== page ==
Author(s): Wilhelm P, Ritter U, Labbow S, Donhauser N, Rllinghoff M, , Wilhelm P, Ritter U, Labbow S, Donhauser N, Rllinghoff M,
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Abstract The resolution of infections with the protozoan parasite Leishmania major in mice requires a Th1 response that is closely associated with the expression of IL-12, IFN-gamma, and inducible NO synthase. Previous Ab neutralization studies or the use of mice deficient for both TNF receptors suggested that TNF plays only a limited role in the control of parasite replication in vivo. In this study we demonstrate that resistant C57BL/6 (B6.WT) mice locally infected with L. major rapidly succumb to progressive visceral leishmaniasis after deletion of the TNF gene by homologous recombination. A reduction of the parasite inoculum to 3000 promastigotes did not prevent the fatal outcome of the disease. An influence of the altered morphology of secondary lymphoid organs in C57BL/6-TNF(-/-) (B6.TNF(-/-)) mice on the course of disease could be excluded by the generation of reciprocal bone marrow chimeras. Although infected B6.TNF(-/-) mice mounted an L. major-specific IFN-gamma response and expressed IL-12, the onset of the immune reaction was delayed. After in vitro stimulation, B6.TNF(-/-) inflammatory macrophages released 10-fold less NO in response to IFN-gamma than B6.WT cells. However, in the presence of a costimulus, e.g., L. major infection or LPS, the production of NO by B6.WT and B6.TNF(-/-) macrophages was comparable. In vivo, inducible NO synthase protein was readily detectable in skin lesions and draining lymph nodes of B6.TNF(-/-) mice, but its expression was more disperse and less focal in the absence of TNF. These are the first data to demonstrate that TNF is essential for the in vivo control of L. major.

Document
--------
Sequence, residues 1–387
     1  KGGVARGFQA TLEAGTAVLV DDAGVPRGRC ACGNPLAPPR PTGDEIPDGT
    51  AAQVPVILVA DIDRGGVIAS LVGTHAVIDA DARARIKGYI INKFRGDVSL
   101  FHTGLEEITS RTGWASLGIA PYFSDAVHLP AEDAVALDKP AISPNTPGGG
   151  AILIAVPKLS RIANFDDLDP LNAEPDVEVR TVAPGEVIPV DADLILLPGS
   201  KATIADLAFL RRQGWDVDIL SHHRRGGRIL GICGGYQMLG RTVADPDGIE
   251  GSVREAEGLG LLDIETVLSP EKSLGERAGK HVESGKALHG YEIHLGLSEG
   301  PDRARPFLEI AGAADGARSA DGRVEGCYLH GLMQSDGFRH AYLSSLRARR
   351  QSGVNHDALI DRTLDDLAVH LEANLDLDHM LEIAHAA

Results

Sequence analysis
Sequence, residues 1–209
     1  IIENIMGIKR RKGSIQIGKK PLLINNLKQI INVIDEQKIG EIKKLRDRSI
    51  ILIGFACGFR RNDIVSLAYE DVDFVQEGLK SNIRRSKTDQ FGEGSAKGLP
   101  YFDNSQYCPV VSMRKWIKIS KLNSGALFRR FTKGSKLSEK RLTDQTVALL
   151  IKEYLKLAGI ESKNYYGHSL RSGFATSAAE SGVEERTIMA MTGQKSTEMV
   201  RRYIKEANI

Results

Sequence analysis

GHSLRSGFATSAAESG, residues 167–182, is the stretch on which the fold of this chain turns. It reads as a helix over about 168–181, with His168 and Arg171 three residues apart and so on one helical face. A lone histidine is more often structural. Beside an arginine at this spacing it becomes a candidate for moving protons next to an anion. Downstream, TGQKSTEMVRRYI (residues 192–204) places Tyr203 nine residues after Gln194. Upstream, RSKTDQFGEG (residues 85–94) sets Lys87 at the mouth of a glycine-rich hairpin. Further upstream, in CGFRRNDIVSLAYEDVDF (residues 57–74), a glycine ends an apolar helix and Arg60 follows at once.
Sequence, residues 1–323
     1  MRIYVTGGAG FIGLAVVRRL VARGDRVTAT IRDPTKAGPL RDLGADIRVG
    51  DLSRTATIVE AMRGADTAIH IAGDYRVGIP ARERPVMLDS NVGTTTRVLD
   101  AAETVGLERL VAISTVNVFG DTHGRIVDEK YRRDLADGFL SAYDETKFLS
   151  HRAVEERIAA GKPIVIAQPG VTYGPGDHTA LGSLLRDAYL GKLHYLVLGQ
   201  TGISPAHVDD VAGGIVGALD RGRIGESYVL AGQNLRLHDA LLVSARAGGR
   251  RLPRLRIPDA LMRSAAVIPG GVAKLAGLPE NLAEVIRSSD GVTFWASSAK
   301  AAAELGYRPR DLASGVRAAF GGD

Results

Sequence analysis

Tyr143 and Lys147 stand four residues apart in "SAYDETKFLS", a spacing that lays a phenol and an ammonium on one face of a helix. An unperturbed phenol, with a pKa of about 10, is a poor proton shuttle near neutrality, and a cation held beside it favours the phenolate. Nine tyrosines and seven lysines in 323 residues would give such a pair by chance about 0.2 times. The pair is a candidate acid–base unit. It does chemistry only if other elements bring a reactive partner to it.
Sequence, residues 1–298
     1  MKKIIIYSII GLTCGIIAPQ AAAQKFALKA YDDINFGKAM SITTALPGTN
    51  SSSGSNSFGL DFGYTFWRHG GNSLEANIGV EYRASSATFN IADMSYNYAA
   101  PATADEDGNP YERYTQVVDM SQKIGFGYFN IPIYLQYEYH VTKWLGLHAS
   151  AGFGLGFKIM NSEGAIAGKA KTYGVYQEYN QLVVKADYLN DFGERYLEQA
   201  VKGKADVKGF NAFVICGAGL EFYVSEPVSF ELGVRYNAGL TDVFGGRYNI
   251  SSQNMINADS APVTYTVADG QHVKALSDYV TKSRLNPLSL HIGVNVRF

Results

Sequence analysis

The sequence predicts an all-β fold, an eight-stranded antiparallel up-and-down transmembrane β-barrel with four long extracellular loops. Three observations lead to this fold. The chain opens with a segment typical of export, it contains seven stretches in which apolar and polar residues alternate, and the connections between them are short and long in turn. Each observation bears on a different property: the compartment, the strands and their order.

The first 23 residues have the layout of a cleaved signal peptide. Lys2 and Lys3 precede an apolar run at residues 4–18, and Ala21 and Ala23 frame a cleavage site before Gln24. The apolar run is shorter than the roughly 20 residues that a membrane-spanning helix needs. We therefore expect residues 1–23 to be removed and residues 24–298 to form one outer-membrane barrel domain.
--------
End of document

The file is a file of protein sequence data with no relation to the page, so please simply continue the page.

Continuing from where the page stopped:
This article was published in J Immunol
and referenced in Immunogenetics: Open Access